Background: Naloxone is viewed as a specific competitive opioid antagonist acting at the level of opioid receptors (mu, delta, and kappa) with blended agonist-adversary or agonist action. The role of naloxone in tumor cell growth has been poorly studied in human cancer cell lines.Materials and methods: In the present study, we report findings from in vitro and in vivo experiments performed to evaluate the effects of naloxone on human breast cancer cell growth and progression. In vitro assays were conducted on estrogen receptor-negative human breast carcinoma cells, MDA. MB231, treated with naloxone at different concentrations (10-100 mu M). In vivo experiments were performed on a mouse model of human triple-negative breast cancer generated by using MDA. MB231 injected subcutaneously in mice. Naloxone was daily intraperitoneally injected in mice at 0.357 mg/kg for 2 weeks and at 0.714 mg/kg for the next 2 weeks. Microvessels formation was detected by fluorescein isothiocyanate-dextran (100 mu L) injected into the tail vein of mice and confirmed by immunohistochemistry with CD31 on mice tumor sections.Results: In vitro tests showed that the cell proliferation of MDA. MB231 was inhibited by naloxone in a dose-dependent manner, whereas the cell death was increased. In vivo studies demonstrated that tumors of mice treated with naloxone were significantly smaller than those observed in the control groups, as long as naloxone was administered. Finally, naloxone was not able to impair the microvessel formation in tumors of treated mice.Conclusion: Our data showed, for the first time, that naloxone reduced breast cancer progression without affecting angiogenesis.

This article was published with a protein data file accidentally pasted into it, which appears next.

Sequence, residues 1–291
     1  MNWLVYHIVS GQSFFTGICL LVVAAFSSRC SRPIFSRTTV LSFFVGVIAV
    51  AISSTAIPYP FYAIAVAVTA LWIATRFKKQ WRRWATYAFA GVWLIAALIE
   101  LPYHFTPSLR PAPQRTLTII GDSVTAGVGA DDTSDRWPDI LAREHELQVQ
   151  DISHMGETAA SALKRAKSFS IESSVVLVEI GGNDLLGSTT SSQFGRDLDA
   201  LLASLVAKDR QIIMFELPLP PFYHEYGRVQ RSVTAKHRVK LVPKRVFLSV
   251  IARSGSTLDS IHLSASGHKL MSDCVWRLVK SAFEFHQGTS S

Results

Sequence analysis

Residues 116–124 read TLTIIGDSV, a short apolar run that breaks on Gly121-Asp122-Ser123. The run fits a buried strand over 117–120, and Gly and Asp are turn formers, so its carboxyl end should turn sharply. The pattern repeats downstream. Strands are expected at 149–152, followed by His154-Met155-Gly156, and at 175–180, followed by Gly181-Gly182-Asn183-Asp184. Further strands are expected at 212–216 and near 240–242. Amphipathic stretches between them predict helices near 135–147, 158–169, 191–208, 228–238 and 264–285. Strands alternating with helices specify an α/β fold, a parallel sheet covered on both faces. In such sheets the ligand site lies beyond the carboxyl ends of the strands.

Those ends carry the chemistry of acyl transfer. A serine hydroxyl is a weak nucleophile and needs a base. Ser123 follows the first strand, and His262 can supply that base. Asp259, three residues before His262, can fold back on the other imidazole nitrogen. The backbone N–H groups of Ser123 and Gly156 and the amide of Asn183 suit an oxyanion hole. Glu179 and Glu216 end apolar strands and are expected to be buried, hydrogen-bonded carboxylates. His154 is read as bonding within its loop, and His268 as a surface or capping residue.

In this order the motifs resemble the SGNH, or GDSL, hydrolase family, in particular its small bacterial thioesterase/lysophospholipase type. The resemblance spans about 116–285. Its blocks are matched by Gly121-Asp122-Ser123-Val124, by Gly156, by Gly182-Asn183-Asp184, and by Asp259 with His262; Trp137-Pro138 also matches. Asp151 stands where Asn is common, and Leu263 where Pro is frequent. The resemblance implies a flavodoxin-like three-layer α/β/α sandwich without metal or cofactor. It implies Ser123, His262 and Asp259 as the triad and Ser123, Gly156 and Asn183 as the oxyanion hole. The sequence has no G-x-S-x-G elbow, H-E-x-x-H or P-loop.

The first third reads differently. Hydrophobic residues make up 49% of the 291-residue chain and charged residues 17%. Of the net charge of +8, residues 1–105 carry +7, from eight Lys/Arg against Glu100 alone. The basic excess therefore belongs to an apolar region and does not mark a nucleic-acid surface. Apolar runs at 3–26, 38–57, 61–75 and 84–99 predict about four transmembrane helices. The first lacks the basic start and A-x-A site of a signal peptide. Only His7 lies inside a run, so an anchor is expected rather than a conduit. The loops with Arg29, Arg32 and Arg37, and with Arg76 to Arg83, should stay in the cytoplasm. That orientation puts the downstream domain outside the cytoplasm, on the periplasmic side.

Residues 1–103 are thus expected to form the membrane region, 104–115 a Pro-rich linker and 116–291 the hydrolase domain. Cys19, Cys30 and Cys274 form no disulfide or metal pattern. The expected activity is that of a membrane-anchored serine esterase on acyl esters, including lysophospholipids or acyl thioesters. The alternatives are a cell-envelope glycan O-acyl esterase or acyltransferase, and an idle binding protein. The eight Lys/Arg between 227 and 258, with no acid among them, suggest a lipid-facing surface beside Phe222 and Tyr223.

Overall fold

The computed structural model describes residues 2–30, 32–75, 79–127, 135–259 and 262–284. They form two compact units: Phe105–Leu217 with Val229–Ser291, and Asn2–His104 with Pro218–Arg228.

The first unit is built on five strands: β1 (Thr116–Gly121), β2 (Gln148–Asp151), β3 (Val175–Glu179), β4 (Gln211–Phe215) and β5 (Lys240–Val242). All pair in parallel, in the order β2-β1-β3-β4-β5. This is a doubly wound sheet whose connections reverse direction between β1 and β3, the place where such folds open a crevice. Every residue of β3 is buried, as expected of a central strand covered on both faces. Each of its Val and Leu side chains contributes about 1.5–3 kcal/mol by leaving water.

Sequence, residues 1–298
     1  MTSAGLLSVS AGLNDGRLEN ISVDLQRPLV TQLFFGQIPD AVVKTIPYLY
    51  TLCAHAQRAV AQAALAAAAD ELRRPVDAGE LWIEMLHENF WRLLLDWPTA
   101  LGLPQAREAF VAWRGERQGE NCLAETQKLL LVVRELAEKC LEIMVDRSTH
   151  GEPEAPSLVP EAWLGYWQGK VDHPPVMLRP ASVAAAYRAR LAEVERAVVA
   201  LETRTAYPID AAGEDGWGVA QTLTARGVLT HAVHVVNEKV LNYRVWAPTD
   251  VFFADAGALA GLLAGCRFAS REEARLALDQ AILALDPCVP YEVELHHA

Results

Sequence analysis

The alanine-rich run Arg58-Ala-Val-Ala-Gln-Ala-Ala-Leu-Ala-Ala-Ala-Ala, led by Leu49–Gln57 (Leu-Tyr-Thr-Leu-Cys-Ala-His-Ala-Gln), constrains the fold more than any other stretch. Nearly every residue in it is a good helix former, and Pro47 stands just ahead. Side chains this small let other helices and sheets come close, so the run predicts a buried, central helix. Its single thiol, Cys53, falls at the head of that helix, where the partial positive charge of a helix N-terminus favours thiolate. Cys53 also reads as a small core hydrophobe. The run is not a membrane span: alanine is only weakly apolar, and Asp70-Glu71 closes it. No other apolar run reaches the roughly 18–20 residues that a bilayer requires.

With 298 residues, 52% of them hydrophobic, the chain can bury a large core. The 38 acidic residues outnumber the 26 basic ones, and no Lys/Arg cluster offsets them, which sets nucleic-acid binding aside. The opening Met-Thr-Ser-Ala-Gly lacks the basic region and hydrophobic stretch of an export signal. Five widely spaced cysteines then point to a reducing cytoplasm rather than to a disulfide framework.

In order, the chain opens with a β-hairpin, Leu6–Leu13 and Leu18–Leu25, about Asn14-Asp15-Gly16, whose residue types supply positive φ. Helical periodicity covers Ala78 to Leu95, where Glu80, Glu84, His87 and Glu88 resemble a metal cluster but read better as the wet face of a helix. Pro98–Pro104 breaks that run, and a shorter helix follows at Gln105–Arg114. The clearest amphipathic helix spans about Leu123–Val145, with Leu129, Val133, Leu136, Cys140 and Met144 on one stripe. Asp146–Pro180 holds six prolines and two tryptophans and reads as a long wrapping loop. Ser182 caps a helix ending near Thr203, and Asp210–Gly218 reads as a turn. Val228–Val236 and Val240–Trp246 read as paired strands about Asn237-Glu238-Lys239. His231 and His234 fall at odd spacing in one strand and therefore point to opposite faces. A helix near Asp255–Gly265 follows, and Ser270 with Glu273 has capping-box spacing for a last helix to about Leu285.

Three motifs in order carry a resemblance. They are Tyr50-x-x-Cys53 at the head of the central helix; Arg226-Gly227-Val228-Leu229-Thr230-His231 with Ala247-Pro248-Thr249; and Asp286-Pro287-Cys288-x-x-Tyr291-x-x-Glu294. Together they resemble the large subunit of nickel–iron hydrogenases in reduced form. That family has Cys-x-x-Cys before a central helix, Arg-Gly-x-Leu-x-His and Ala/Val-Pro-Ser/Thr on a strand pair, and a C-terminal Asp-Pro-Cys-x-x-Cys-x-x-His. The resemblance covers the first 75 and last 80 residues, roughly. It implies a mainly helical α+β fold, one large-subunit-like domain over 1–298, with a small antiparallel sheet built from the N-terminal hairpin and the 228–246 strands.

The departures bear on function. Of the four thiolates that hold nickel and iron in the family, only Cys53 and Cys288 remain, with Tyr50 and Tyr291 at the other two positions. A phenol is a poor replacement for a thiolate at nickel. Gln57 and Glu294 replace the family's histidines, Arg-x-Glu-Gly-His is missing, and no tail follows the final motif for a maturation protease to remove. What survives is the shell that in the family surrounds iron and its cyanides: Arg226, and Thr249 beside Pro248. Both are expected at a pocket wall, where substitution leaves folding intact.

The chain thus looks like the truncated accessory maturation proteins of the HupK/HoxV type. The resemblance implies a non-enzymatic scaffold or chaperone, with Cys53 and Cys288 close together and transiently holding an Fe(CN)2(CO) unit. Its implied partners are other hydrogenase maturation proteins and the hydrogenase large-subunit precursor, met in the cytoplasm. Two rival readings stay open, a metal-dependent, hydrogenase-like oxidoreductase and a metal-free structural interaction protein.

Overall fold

The effects of naloxone on human breast cancer progression: in vitro and in vivo studies on MDA.MB231 cells

Cascella, Marco;
2018-01-01

Abstract

Background: Naloxone is viewed as a specific competitive opioid antagonist acting at the level of opioid receptors (mu, delta, and kappa) with blended agonist-adversary or agonist action. The role of naloxone in tumor cell growth has been poorly studied in human cancer cell lines.Materials and methods: In the present study, we report findings from in vitro and in vivo experiments performed to evaluate the effects of naloxone on human breast cancer cell growth and progression. In vitro assays were conducted on estrogen receptor-negative human breast carcinoma cells, MDA. MB231, treated with naloxone at different concentrations (10-100 mu M). In vivo experiments were performed on a mouse model of human triple-negative breast cancer generated by using MDA. MB231 injected subcutaneously in mice. Naloxone was daily intraperitoneally injected in mice at 0.357 mg/kg for 2 weeks and at 0.714 mg/kg for the next 2 weeks. Microvessels formation was detected by fluorescein isothiocyanate-dextran (100 mu L) injected into the tail vein of mice and confirmed by immunohistochemistry with CD31 on mice tumor sections.Results: In vitro tests showed that the cell proliferation of MDA. MB231 was inhibited by naloxone in a dose-dependent manner, whereas the cell death was increased. In vivo studies demonstrated that tumors of mice treated with naloxone were significantly smaller than those observed in the control groups, as long as naloxone was administered. Finally, naloxone was not able to impair the microvessel formation in tumors of treated mice.Conclusion: Our data showed, for the first time, that naloxone reduced breast cancer progression without affecting angiogenesis.
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Utilizza questo identificativo per citare o creare un link a questo documento: https://hdl.handle.net/11386/4856496
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